After a valiant five-set effort at the U.S. Open, Frank Dancevic is denied

The Eh Game

NEW YORK – The new racquet, adopted just a few short days ago, was almost a good-luck charm for Canadian Frank Dancevic.

But in the end, the 29-year-old suffered another heartbreaking five-set loss at a Grand Slam, a 7-6 (6), 3-6, 6-2, 4-6, 7-6 (2) defeat at the hands of world No. 38 Joao Sousa of Portugal, which knocks him out of the U.S. Open in the first round.

It began in the bright sunlight, ended with the high-tech high beams on over brand-new Court 5, and wrapped up with Dancevic limping off court and all the way to the locker room barefoot, unable to stand one more second inside his steaming, overworked Wilson tennis shoes.

"I thought it was a real high quality match, unfortunate that I lost but I feel really good about my game. if I keep this level out I can do some damage the rest of the year," Dancevic said. "Physically I feel great. We played a really long match. a lot of long rallies, a very physical match I think, three dimensional, we were all over the court, just used all the shots."

Dancevic said he felt great? His poor feet would argue that point. He was in some distress after it was over, staring straight ahead in his chair before he decided to remove his shoes, then his socks.

Here's what it looked like:

Eventually, chair umpire Pascal Maria had to come over and gently ask him to leave the court; you could spot Australian player Anastasia Rodionova, somewhat peeved, standing in the corner waiting to come on for her match against Sara Errani of Italy even as Dancevic finally rose, signed some autographs, and squeezed past Rodionova and into the tunnel underneath the stands. He signed some more autographs as he limped, barefoot on concrete that had seen thousands of dirty shoes and spilled legal beverages on it all day, and back to the locker room.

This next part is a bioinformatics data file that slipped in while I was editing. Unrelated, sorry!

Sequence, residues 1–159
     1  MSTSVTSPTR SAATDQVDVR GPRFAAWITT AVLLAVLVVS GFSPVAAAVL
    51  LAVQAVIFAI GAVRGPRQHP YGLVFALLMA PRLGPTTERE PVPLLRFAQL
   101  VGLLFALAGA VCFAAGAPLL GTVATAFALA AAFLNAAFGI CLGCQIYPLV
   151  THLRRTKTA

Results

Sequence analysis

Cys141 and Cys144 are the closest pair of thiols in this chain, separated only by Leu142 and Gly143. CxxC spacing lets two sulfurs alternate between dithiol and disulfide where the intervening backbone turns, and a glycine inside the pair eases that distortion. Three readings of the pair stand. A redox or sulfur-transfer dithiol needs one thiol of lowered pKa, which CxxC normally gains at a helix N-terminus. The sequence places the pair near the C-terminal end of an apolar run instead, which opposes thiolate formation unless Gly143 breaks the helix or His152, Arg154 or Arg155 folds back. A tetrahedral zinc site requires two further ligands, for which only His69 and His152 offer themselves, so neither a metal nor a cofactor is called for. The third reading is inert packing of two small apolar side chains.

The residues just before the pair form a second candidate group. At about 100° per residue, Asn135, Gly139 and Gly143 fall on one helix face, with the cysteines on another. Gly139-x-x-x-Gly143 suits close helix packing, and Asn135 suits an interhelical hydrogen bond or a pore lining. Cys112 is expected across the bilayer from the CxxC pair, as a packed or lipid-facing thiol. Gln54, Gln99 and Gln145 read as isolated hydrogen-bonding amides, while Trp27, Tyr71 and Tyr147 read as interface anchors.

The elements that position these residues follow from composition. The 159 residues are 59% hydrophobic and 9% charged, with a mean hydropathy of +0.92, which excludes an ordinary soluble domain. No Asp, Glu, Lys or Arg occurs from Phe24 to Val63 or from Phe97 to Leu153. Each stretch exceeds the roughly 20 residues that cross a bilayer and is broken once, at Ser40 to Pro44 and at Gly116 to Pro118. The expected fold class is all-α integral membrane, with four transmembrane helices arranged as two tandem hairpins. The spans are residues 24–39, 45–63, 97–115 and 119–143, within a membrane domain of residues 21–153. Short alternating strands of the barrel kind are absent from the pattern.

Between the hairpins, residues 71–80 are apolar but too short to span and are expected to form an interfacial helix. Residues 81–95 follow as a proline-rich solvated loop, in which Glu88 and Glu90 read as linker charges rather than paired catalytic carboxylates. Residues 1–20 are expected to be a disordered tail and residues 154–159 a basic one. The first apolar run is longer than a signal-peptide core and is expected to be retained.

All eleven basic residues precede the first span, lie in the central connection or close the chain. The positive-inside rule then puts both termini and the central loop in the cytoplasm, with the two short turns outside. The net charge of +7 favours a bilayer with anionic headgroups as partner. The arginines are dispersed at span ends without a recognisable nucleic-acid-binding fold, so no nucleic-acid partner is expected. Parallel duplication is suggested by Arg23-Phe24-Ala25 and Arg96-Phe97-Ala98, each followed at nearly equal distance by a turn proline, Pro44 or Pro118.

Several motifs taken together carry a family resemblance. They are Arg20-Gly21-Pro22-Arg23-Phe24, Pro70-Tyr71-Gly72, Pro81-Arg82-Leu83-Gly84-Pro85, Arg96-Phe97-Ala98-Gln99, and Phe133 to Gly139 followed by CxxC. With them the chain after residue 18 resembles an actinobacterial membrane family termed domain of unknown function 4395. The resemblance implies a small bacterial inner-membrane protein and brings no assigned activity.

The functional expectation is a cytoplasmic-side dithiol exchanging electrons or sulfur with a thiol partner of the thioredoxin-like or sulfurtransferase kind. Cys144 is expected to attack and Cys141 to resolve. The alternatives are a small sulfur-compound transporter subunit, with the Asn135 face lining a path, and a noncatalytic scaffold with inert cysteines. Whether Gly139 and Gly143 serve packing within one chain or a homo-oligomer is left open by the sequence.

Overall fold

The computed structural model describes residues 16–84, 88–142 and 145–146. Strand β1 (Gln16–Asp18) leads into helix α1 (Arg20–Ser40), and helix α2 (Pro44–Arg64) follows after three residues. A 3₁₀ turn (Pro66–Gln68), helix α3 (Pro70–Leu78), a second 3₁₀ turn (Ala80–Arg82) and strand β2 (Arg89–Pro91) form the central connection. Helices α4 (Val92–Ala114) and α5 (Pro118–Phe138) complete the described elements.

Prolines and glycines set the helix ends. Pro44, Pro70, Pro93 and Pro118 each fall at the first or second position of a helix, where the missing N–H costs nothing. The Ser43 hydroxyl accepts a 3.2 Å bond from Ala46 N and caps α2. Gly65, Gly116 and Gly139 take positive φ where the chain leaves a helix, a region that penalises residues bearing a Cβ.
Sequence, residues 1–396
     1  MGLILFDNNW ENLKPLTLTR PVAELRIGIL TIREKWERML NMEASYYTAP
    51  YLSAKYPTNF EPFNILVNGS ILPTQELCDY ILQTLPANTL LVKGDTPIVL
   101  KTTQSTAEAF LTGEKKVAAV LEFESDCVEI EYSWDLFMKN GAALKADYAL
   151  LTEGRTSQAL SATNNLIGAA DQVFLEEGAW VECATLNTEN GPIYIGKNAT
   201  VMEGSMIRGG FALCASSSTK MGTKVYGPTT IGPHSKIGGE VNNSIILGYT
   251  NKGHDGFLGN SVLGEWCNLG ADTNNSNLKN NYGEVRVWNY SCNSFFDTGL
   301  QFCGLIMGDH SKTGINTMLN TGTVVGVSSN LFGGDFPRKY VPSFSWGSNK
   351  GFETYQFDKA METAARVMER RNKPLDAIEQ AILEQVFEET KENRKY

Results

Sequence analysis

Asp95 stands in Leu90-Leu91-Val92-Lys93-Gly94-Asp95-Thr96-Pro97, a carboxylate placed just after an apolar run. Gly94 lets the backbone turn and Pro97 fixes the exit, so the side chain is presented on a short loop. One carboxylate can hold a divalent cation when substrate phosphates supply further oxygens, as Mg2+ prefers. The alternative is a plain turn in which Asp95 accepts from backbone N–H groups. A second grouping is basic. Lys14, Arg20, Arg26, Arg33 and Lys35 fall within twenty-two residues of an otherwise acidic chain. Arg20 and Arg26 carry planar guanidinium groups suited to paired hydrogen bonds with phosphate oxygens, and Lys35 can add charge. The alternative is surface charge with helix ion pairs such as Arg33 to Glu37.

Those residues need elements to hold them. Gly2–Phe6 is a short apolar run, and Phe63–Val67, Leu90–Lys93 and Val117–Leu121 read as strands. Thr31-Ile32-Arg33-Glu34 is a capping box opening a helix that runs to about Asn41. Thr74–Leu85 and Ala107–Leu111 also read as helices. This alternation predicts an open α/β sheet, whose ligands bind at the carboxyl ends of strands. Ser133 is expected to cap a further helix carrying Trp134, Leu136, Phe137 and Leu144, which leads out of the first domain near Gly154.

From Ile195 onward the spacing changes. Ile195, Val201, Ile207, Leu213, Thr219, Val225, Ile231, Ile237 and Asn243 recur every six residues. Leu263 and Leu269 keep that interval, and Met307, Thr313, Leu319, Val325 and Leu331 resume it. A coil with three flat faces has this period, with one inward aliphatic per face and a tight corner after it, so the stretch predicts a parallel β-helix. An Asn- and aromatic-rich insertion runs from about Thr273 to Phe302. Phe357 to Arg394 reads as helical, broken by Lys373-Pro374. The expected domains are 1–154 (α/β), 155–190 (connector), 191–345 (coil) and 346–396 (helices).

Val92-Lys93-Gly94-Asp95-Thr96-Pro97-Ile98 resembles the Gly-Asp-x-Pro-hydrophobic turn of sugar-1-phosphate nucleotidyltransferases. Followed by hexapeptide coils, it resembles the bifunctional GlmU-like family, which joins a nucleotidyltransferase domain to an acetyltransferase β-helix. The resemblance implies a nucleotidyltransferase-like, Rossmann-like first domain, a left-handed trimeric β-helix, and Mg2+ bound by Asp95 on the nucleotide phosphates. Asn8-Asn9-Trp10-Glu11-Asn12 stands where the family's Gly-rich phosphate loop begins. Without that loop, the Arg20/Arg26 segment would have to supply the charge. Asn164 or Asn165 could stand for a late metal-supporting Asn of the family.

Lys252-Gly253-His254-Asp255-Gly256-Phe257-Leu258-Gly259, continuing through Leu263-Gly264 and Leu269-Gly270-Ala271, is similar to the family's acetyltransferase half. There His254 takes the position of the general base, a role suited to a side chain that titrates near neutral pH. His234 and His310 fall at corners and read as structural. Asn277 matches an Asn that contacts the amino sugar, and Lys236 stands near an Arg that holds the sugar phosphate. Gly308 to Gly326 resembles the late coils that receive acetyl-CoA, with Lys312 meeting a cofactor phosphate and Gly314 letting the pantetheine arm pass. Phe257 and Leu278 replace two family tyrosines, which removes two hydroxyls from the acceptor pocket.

The new racquet? Dancevic thought he played exceptional tennis with it despite the fact that he only had two of them, had to get a couple of restrings during the match, and wasn't familiar enough with it to know when exactly he should change to fresh strings. He said it cost him a few games here and there, although he certainly couldn't blame the racquet for coughing up a 6-1 lead in the first set tiebreaker.

Here are a few pics from the match:

"I feel my serve picked up a lot of speed, especially my second serve, with the gut (string) combination. I feel like my returns, I was getting a lot more returns back in court. From the baseline I feel a lot more control and depth at the same time, everything in my game feels a lot better," he said.

"It was really about just making a relationship with my racquet," Dancevic added. "When you meet a girl, do you know everything about her after three days? You don’t know all about her after 10 years – never mind three days."

Dancevic, who will next head to Halifax for Davis Cup – the squad hasn't been announced yet, but he'll be there – said he'll keep the new racquet for the rest of the year and re-evaluate then.

But in the end, it was a first-round loss at the final Grand Slam of the season, no matter how valiant. Dancevic, who hasn't always been accused of this in his career, really did empty the tank and give it absolutely all he had.

If you're not convinced, ask his feet.

"I mean, really, it would have been nice to win today, but I just have to keep my head up high, keep going. I feel really good about my game. I like the way I’m playing," he said.

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